Bribery not new

Truth is, vote buying is not a new problem in Jamaican politics. One might even venture as far as to say, as Garfield Higgins in a recent article did, that “Bribery and variant forms of it have been part of the electoral landscape in Jamaica for decades.”

How bad is the problem, really?

Anecdotally, bribery reared its ugly head from the very first general elections, in 1944. As the stories went, politicians distributed salt fish and counter flour to voters to win their votes during that election. Every election since then, whether general or local, some form of bribery prevailed.

As bribery, vote buying, or vote holding became widespread, the scale of the problem grew. Alarmingly, reports emerged of money in envelopes changing hands during political rallies. Allegedly, party activists were also paying voters not to vote in some constituencies.

The Root of The Vote Selling Problem

One suggestion that may explain the ease with which votes can be bought and sold is what Garfield Higgins called, “mass disaffection” of the Jamaican population. Mass disaffection is more noticeable among the young who are not eager to participate in the political process. This attitude among persons of voting age may explain the drop in the last 25 years in the number of voters who cast their ballots.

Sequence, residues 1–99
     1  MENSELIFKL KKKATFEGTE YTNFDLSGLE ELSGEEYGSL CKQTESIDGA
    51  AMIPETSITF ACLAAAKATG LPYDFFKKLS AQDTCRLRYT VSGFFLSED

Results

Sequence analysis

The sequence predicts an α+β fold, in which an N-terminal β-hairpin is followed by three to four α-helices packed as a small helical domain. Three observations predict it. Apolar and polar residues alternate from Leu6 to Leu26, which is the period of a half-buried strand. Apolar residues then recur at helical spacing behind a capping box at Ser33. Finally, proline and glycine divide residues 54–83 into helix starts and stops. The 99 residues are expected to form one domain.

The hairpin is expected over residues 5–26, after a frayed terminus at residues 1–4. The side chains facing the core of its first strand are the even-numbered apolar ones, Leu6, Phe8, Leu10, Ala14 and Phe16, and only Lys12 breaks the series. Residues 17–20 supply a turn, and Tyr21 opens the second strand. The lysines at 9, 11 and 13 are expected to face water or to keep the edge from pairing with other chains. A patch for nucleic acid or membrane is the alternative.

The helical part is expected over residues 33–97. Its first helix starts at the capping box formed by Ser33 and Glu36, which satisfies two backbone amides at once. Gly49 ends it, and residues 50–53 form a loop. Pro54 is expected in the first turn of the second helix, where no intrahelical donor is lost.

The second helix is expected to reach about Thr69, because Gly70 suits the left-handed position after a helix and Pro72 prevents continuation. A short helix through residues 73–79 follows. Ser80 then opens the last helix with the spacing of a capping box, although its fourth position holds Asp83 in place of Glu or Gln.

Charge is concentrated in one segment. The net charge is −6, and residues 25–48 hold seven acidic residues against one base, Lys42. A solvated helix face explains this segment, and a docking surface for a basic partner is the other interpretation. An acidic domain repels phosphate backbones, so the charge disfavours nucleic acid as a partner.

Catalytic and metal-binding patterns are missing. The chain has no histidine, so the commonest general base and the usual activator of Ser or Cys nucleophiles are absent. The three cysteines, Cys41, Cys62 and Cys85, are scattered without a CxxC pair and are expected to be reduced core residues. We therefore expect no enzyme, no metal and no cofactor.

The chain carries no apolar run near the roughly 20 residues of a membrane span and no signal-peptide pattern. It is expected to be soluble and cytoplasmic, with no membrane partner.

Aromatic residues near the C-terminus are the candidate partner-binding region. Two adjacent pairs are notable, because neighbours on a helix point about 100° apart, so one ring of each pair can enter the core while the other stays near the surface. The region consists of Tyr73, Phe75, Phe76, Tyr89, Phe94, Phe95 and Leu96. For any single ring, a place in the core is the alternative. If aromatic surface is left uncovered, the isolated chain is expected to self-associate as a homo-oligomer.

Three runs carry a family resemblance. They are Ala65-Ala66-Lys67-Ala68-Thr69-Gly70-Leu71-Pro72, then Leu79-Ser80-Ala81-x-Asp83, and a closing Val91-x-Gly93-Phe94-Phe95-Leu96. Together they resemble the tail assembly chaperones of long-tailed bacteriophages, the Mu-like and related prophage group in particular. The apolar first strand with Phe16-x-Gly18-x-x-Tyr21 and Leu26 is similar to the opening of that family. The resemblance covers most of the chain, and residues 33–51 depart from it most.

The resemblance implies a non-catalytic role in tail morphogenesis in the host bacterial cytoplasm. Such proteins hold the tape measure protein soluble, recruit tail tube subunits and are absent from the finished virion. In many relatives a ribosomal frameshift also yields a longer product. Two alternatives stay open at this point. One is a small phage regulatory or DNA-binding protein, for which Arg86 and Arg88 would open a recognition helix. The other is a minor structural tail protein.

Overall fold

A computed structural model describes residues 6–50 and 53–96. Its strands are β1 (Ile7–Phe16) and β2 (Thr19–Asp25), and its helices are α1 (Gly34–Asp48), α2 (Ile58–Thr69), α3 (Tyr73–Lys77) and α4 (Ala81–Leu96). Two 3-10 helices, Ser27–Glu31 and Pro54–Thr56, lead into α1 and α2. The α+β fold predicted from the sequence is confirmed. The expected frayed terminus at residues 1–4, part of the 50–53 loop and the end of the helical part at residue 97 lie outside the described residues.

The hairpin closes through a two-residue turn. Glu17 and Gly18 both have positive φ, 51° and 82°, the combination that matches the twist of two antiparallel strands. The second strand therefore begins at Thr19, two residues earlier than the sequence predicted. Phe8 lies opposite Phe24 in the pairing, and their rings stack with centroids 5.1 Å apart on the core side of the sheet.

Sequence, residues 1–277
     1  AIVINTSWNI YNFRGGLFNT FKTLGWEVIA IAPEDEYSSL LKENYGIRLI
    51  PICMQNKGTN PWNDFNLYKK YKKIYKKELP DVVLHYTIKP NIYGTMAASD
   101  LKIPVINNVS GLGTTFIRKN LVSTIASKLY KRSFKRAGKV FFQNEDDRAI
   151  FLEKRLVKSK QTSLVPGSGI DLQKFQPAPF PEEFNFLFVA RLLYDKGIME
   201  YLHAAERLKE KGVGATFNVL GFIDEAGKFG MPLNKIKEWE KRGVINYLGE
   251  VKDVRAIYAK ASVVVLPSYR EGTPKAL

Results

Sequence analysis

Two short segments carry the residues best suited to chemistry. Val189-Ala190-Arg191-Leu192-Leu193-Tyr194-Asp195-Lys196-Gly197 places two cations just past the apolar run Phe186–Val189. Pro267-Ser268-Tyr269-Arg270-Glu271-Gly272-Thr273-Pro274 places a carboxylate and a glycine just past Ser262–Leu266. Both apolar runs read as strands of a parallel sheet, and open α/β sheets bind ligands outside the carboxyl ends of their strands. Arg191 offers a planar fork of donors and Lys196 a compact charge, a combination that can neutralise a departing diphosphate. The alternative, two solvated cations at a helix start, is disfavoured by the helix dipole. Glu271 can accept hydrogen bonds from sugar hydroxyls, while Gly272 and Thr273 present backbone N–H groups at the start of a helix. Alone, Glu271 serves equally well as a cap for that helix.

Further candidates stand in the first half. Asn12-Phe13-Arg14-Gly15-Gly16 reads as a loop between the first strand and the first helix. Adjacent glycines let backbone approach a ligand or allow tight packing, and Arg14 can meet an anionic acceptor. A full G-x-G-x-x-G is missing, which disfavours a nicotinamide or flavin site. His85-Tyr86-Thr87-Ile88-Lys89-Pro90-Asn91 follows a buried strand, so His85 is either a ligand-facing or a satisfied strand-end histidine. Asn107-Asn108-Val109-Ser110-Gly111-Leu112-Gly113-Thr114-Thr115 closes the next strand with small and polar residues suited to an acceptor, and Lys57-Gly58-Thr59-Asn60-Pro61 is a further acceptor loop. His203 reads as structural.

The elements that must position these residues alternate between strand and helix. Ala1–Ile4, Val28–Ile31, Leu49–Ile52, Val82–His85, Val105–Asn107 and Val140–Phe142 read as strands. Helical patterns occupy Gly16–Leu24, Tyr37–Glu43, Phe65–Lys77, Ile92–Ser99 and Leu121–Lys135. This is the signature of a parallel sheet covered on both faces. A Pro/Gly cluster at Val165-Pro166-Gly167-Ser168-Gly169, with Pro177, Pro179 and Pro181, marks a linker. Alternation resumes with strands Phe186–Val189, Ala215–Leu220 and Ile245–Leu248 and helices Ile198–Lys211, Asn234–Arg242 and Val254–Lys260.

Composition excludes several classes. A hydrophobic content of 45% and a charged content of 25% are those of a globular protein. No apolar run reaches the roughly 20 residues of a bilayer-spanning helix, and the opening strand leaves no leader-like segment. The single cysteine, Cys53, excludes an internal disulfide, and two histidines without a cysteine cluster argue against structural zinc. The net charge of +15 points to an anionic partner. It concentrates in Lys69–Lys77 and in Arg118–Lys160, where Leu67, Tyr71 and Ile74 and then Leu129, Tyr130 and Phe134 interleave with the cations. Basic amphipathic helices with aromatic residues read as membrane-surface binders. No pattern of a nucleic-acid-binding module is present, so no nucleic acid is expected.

The garrison, that is, an enclave where a single party (whether JLP or PNP) dominates its influence over voter behaviour, is also fertile ground for “vote buying” of another form. In garrisons, residents benefit from various cash and in-kind incentives to maintain loyalty. Any betrayal whether direct or indirect is met with swift and often brutal consequences.

That said, Jamaica has managed over the past elections to conduct the votes without the kinds of violent and disruptive incidents that dominated the elections of the past. Who could forget the bloody 1980 General Elections?

Did Vote Buying Feature in East Portland?

Apparently, direct vote buying was not a striking feature of on the ground happenings during the East Portland By-Elections.

Observations by the corruption watchdog National Integrity Action (NIA) and the Citizens Action for Free and Fair Elections (CAFFE) were that direct vote buying is not the problem in this event. The problem is the indirect distribution of funds for projects and activities inside the constituency.

Then again, an examination of the voting history in Eastern Portland shows a longstanding tradition of high voter turnout bred by a natural inclination to vote.

So, the handout of money in envelopes was not what swung the voters in East Portland.

It was quite evident that JLP’s candidate Ann Marie Vaz resonated well with the voters in that constituency. Not only was she well liked across the political divide, but she was also accessible. It helps that she lives in East Portland. Unlike the PNP candidate Damion Crawford, who was parachuted in to contest the seat.

The Labour Party also conducted a strategically superior campaign that stayed on the message of prosperity and hope. East Portlanders appreciate the freshness of that message and place much premium on the JLP’s ability to fulfill its promises.

So, will there be an election in Jamaica that is untainted by vote buying? Probably not.